FabFilter’s Pro Q2 is my desert island EQ. It really is a master of all trades, from its incredible transparent sound quality to having one of the best and most intuitive GUIs out there. It’s particularly cool that the detailed frequency analyser can display material fed to the sidechain overlaid with the actual source you are EQing – perfect if you want to see the relationship of, say, the kick drum and bass guitar.
Some of my favourite functions that put it above other workhorse digital EQs are the steep bell filter options that allow you to lift or cut sections of the frequency range with minimal spill into the surrounding area, and the Tilt EQ that lets you apply drastically shift the entire frequency response of your source material.
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Kush Audio Electra DSP
Kush Audio’s Electra is a wonderful EQ for bringing out life and impact from drums, and forces you to make your moves intuitively through its notably limited frequency markings. Featuring uniquely shaped proportional-Q curves (think API 550, but with a much peakier central frequency) the Electra has an uncanny way of highlighting the transient detail in the sound you are EQing as you sweep through the bands.
I personally love what this does on a snare drum – as you search through the upper mids you’ll find certain spots which highlight different flavours of the stick attack and give a snappiness I haven’t heard in other EQs. I also am a big fan of the high shelf control, set at its lowest frequency of 3.8kHz, as a general brightening control that brings life to drum shells instantly.
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Slate Digital FG-N
The Slate Digital FG-N EQ is a model of the famous Neve 1073 EQ section, albeit with two mid-bands where the original only has one, to make it more flexible as a channel equaliser. This EQ is one of the most aggressive out there, with small adjustments yielding drastic results. For that reason I tend to use it sparingly, especially the high shelf control which, while nominally fixed at 12kHz, brings out a lot of aggression in the upper mids and lower treble area too. On the other end of things, the low shelf also has a big span – a technique a I use a lot is to boost lower down the spectrum than I might usually do, then use the high-pass filter to tame anything unruly in the subs.
A bonus feature that keeps me coming back to this EQ is the “Drive” control, which allows you to saturate the signal in a subtle but very pleasing way, adding a weight and thickness while also smoothing the high end just a touch. In fact, it’s not unusual for me to call on the Slate Digital FG-N just for this feature, and not to do any actual EQing!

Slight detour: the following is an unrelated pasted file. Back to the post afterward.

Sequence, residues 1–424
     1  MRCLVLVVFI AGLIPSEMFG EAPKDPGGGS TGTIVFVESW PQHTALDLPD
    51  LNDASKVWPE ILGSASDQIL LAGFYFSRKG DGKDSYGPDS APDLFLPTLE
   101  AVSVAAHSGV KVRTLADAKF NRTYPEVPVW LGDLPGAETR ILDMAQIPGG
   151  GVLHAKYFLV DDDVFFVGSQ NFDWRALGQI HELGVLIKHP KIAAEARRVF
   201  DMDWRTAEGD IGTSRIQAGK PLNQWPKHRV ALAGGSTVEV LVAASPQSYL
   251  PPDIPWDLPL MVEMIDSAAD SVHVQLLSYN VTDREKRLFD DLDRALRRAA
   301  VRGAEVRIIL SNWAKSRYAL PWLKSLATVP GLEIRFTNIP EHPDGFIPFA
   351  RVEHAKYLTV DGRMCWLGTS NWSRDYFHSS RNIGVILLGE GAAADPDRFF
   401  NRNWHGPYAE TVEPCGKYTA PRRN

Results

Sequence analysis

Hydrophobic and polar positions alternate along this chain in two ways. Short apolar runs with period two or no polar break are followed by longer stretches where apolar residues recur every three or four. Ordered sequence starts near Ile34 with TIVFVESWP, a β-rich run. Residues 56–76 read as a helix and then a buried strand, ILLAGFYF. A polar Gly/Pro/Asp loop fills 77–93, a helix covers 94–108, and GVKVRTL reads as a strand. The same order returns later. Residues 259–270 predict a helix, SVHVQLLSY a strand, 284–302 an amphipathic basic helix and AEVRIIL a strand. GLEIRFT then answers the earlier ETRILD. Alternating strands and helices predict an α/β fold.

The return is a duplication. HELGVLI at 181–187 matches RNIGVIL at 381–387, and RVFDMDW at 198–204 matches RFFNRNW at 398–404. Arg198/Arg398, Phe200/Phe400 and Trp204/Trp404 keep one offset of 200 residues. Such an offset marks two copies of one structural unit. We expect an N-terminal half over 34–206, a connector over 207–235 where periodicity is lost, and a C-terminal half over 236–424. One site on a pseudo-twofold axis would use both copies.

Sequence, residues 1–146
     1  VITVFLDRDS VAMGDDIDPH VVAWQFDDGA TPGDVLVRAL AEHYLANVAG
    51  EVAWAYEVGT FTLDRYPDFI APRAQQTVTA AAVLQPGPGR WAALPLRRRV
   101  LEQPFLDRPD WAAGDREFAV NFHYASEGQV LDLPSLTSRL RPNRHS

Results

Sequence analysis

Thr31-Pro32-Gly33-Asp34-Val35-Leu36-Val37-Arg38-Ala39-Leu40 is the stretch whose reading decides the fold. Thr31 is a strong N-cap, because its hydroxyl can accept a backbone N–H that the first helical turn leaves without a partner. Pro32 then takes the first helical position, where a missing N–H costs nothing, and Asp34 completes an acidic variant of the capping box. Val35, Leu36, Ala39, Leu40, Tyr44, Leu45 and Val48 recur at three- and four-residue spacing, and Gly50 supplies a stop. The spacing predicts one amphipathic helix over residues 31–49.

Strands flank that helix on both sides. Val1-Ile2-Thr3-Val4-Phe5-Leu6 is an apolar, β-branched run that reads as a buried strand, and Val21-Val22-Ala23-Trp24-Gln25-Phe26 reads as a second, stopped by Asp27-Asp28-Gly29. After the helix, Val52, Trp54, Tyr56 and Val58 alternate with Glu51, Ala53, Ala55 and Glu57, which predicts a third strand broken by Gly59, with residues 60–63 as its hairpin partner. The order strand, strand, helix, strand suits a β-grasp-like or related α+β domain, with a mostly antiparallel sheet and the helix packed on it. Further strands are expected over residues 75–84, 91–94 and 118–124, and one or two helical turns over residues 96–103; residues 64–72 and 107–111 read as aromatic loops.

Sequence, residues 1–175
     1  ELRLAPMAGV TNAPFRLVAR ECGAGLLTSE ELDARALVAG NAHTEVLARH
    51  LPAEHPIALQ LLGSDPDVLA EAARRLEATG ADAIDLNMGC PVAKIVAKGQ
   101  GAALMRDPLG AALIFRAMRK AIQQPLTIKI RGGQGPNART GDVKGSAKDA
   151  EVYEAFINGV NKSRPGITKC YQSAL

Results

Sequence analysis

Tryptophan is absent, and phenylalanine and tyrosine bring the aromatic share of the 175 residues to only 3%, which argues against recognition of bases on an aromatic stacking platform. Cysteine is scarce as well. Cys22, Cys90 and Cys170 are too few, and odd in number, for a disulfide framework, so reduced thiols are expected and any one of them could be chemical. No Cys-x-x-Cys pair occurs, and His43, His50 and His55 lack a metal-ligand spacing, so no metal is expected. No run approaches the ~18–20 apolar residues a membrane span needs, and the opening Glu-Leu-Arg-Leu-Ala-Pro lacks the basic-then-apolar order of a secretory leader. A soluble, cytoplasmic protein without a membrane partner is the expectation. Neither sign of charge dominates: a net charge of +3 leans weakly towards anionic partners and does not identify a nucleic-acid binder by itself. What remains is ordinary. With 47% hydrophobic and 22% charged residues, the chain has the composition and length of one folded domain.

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Waves SSL E-Channel Strip
The Waves SSL E-Channel Strip is on the other end of the scale to the Slate Digital FG-N, with a clean sound that encourages large EQ moves. Ignoring the compression and gate circuits, the 4-band EQ, plus high- and low-pass filters make for a very efficient workhorse channel EQ – which is exactly why the SSL 4000 E series console on which this plugin is based has become such a revered tool, used on countless records by an endless list of high-profile engineers and mixers.
I find myself reaching for this EQ when I want something that does exactly what it’s supposed to, with no frills, yet I don’t want to be presented with a modern digital interface that sometimes can be too distracting in their detail. We’re talking about EQs here, but it’s worth noting the compressor and gate functions are both excellent, and there’s little reason why you couldn’t get spectacular results using just this one plugin across every channel on your mix.
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Softube Tube-Tech PE1C
The Softube Tube-Tech PE1C is based on one of the most revered vintage EQs in existence – the Pulse Techniques (Pultec for short) EQP-1A Program Equaliser. It’s one of many digital emulations on the market, and all deliver slight variations on the classic Pultec sound and functionality. With just two, very wide bands and stepped frequency controls, a Pultec is never going to give surgical results, but they are legendary for their ability to add tremendous weight and presence to source material.
With separate controls for boosting and cutting each band, many engineers have discovered you can create some unique sounds by utilising both simultaneously – in particular on the low band it’s possible to boost the bass content heavily then use the attenuate control to clear out the frequencies above and around the shelf’s centre frequency for a deep and clear low end. Try this on a parallel bus if you find the effect too extreme when placed as an insert on your track.
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